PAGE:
Polonium and the Palestinians
This article is from the archive of The New York Sun before the launch of its new website in 2022. The Sun has neither altered nor updated such articles but will seek to correct any errors, mis-categorizations or other problems introduced during transfer.
What a mystery is erupting over the possibility that Yasser Arafat died of polonium poisoning. It began after Al Jazeera published a report saying that tests have disclosed “that Arafat’s final personal belongings — his clothes, his toothbrush, even his iconic kaffiyeh — contained abnormal levels of polonium.” It says the terrorists “personal effects” were analyzed at the Institut de Radiophysique at Lausanne, Switzerland. The effects were, it reported, “variously stained with Arafat’s blood, sweat, saliva and urine.” It says the “tests carried out on those samples suggested that there was a high level of polonium inside his body when he died.” So now, at the request of Arafat’s widow, Suha, the body of the late chairman of the Palestine Liberation Organization may be exhumed from its grave at Ramallah.
The first person of whom we inquired when we heard this news was Edward Jay Epstein, the reportorial genius who covered for us the death of the former Russian spy Alexander Litvinenko, who was killed by polonium poisoning in 2006 at London. It is the modus operandi of Mr. Epstein to step back from the mysteries he investigates to consider all the possibilities, even one’s that might not assert themselves at first blush. It would be inaccurate to suggest that he has launched any formal look at the death of Yasser Arafat. But he did send a quick wire in response to our inquiry to say that there are “many possibilities.” Only the first is that he was poisoned, a possibility that he says “seems unlikely since it would have shown up in his bone marrow.”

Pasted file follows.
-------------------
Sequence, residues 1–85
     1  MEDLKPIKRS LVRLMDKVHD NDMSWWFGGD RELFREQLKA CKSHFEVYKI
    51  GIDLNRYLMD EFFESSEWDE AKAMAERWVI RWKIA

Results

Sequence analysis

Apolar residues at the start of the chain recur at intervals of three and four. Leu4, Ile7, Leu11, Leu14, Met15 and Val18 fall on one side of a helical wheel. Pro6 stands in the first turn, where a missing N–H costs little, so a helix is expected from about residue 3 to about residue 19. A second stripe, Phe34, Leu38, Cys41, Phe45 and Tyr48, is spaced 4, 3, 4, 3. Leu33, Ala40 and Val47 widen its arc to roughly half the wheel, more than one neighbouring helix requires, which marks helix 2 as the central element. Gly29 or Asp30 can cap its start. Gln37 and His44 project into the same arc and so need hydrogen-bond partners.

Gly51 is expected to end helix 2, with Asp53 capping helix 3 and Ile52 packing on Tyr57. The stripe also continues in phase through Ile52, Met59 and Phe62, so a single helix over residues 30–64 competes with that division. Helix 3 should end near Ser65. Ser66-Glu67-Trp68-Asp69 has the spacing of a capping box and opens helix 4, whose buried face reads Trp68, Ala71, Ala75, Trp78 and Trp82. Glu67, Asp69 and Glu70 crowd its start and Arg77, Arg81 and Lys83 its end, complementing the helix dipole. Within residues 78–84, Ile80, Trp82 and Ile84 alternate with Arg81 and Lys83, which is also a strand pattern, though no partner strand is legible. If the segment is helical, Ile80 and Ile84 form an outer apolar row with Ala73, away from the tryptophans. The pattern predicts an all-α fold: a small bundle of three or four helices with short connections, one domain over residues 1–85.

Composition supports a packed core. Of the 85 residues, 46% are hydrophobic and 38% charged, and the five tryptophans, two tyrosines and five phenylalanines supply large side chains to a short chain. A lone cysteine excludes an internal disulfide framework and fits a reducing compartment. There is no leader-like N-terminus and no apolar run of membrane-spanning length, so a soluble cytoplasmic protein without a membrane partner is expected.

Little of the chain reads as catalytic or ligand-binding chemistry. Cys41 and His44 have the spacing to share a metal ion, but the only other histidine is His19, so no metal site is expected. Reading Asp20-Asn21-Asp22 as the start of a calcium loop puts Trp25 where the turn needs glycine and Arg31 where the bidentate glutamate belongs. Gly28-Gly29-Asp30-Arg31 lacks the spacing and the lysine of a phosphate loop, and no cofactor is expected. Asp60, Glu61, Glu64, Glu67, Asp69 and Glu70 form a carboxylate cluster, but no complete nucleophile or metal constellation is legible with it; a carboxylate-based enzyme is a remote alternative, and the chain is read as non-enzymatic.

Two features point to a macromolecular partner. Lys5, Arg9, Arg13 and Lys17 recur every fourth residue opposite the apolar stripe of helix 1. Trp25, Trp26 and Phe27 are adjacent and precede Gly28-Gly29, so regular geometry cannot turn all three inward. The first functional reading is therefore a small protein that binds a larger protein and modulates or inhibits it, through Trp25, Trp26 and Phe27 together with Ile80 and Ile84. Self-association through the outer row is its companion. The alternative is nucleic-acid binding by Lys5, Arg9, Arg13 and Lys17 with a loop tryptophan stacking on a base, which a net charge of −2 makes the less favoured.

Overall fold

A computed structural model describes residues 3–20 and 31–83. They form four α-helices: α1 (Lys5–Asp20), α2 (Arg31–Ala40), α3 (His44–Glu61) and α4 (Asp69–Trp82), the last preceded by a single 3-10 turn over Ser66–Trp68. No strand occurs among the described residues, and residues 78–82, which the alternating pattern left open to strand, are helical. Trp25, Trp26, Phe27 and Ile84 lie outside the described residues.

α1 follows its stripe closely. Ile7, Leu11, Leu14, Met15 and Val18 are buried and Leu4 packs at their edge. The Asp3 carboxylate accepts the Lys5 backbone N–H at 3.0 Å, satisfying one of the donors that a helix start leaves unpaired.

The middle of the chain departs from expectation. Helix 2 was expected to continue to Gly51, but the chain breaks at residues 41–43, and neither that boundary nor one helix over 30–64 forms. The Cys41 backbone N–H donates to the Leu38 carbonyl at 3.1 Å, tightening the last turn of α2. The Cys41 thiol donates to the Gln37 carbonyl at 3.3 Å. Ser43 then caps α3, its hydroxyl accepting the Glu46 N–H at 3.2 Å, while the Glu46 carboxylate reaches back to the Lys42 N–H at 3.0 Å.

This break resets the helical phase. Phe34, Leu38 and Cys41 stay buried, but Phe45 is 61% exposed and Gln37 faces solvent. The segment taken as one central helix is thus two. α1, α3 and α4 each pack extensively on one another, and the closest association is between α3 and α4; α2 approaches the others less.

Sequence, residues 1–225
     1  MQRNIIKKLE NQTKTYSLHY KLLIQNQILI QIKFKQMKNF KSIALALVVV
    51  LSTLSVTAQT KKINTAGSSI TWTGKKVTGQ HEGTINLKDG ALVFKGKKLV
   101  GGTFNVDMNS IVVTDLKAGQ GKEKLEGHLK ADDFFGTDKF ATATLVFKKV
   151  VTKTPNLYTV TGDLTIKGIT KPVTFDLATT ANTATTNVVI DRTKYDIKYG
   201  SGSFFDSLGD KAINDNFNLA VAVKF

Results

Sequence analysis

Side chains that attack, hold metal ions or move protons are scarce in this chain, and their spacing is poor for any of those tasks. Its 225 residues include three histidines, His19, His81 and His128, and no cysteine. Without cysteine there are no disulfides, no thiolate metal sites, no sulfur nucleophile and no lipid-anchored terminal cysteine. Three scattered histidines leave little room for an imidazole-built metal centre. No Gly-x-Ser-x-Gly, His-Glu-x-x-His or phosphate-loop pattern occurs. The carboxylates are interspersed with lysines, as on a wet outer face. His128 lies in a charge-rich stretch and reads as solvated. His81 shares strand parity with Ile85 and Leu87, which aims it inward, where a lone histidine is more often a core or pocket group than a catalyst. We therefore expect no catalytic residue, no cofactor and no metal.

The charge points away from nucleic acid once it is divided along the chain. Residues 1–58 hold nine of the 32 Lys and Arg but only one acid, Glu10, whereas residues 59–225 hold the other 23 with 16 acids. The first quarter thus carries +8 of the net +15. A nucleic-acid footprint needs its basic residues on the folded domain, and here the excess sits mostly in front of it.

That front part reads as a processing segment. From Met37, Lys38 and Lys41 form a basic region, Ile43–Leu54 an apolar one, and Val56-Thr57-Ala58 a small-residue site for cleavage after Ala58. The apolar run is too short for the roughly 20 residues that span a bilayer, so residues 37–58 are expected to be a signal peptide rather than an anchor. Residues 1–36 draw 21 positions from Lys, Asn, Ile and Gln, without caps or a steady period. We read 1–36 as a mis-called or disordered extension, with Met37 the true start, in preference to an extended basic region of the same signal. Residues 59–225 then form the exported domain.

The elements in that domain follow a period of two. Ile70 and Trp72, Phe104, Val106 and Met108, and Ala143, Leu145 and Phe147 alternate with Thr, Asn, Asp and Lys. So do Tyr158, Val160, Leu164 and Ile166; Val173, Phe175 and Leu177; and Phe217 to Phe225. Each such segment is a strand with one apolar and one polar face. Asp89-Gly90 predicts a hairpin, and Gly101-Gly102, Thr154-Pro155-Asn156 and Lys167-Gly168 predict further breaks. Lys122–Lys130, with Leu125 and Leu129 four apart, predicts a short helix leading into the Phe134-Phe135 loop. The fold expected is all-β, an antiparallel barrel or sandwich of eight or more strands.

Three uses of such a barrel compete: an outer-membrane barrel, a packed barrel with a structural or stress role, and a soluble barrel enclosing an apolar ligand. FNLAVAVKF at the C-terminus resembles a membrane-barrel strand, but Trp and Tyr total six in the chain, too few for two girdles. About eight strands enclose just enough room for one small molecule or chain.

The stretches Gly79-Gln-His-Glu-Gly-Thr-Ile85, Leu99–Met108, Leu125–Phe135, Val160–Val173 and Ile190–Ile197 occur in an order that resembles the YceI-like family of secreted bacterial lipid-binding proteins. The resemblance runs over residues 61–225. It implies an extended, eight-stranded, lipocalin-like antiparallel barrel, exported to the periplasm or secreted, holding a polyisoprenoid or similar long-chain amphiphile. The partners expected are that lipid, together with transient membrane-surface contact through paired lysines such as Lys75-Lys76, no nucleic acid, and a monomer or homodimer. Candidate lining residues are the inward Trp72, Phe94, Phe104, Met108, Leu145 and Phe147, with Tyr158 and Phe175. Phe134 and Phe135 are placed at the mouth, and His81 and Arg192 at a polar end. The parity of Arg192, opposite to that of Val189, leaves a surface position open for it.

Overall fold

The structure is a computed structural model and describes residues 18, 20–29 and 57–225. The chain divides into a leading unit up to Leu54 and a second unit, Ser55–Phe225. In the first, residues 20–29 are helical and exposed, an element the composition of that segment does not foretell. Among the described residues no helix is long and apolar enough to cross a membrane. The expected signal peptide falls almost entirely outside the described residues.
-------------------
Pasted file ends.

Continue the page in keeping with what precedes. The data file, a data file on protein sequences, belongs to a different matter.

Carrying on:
Another is that Arafat was involved in supplying Polonium 210, which is one of the theories that Mr. Epstein explored in respect of Litvinenko. The element was used for nuclear devices in 2004 by both Iran and North Korea, Mr. Epstein reminds us. A third quick possibility on Mr. Epstein’s list is that polonium was used by an intelligence service to track Arafat. We don’t have a bias toward any one of these theories. And how he died is not a matter over which we’ve lost sleep. We never bet on his so-called conversion to a peaceful resolution of the war the Arabs launched against Israel; it is hard to think of a single positive element to Arafat’s career. By the end of his life he had made far more enemies than Israel, and we have no doubt that the mystery of his death will have many more half lives than the one that has been advanced by Al Jazeera.